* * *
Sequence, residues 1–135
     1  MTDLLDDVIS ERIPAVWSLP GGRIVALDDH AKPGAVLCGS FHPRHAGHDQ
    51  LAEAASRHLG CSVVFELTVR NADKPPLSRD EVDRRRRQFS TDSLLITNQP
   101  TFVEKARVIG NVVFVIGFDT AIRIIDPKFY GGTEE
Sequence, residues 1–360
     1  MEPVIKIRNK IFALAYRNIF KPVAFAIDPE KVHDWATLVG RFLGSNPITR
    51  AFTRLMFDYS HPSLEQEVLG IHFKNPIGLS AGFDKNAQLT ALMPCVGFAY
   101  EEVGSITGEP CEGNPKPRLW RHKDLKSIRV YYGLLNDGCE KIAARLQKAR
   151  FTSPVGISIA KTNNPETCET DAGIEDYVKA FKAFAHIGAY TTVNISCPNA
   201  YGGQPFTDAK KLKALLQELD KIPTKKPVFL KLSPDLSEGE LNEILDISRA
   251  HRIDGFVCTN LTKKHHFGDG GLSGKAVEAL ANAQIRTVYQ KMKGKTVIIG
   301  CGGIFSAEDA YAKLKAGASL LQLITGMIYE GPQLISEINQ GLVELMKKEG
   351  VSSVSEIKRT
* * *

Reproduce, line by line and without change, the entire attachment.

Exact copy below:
Sequence, residues 1–135
     1  MTDLLDDVIS ERIPAVWSLP GGRIVALDDH AKPGAVLCGS FHPRHAGHDQ
    51  LAEAASRHLG CSVVFELTVR NADKPPLSRD EVDRRRRQFS TDSLLITNQP
   101  TFVEKARVIG NVVFVIGFDT AIRIIDPKFY GGTEE
Sequence, residues 1–360
     1  MEPVIKIRNK IFALAYRNIF KPVAFAIDPE KVHDWATLVG RFLGSNPITR
    51  AFTRLMFDYS HPSLEQEVLG IHFKNPIGLS AGFDKNAQLT ALMPCVGFAY
   101  EEVGSITGEP CEGNPKPRLW RHKDLKSIRV YYGLLNDGCE KIAARLQKAR
   151  FTSPVGISIA KTNNPETCET DAGIEDYVKA FKAFAHIGAY TTVNISCPNA
   201  YGGQPFTDAK KLKALLQELD KIPTKKPVFL KLSPDLSEGE LNEILDISRA
   251  HRIDGFVCTN LTKKHHFGDG GLSGKAVEAL ANAQIRTVYQ KMKGKTVIIG
   301  CGGIFSAEDA YAKLKAGASL LQLITGMIYE GPQLISEINQ GLVELMKKEG
   351  VSSVSEIKRT